The Overlooked Danger of Using Digitization as a Solution to the Access to Justice Problem

By Rachel Poznikoff, Student at the Faculty of Law, University of Alberta

With Covid-19 lockdowns came a necessary shift towards digital methods of pre-trial and trial procedures across Canada, and even as the world has resumed to a new normal, it does not appear as though these digital options are going anywhere. In Alberta, virtual options remain available for various types of hearings, questionings, Chambers applications, appeals, and other court procedures. And it appears as though expansion rather than reduction of these methods will be implemented going forward. This can be seen in the 2023 mandate letter to Alberta’s Minister of Justice where Alberta Premier Danielle Smith states that a specific initiative she expects the Minister to deliver is the implementation of more “remote court applications, digitization, and streamlining [of] family court matters to ensure more affordable and efficient access to the courts”.1

Premier Smith is not alone in recognizing the potential of digital solutions to solve problems of access to justice. Digital methods offer promising solutions to some of the major concerns in this area including access to lawyers and courts in remote areas, easier access to justice for lower income individuals, and higher efficiency of courts. And, while there is no arguing that digitalization can have these desired effects, the rationale for using these methods is based upon a largely untested presumption by the courts that there is an equity between these virtual methods and traditional, in person, court methods. Because we are following the same procedure, there is a presumption that the two formats are going to operate in the same way and come to the same results.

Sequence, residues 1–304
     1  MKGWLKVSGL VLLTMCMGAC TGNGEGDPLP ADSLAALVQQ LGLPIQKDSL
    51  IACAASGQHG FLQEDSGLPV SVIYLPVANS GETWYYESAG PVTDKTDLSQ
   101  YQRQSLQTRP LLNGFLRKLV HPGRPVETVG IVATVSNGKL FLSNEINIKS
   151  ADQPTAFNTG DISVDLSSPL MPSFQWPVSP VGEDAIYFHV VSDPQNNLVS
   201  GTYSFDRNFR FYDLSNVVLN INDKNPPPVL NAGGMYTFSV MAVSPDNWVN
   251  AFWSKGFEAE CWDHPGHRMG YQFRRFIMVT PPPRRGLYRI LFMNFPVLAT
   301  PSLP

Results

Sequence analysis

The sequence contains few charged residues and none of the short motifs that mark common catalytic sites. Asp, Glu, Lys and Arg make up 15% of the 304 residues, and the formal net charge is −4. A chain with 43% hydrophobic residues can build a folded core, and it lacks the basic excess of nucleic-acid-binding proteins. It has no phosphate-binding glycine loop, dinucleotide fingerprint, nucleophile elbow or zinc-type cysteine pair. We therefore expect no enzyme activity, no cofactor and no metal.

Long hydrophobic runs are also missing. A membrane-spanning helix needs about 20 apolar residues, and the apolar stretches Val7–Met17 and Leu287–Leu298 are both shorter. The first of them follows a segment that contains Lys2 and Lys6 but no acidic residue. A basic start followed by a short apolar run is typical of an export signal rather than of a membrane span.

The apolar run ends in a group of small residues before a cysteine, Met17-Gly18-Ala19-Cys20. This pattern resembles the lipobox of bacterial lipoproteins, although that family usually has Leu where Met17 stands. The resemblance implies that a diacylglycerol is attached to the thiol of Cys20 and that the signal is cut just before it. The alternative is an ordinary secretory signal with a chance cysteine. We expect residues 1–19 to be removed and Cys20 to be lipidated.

However, if this presumption of equity were to be untrue and there are deficiencies or meaningful differences between the quality or accuracy of digital and traditional methods, then there is a risk that the decisions rendered are also of a meaningfully different quality. This raises an important concern regarding the utility of this method for increasing access to justice. Access to justice is well understood to also mean access to meaningful justice. If the results from virtual trials are of a different quality than in person, then these benefits are meaningless. And, beyond the scope of access to justice, it would raise major concerns regarding fairness and justice more broadly.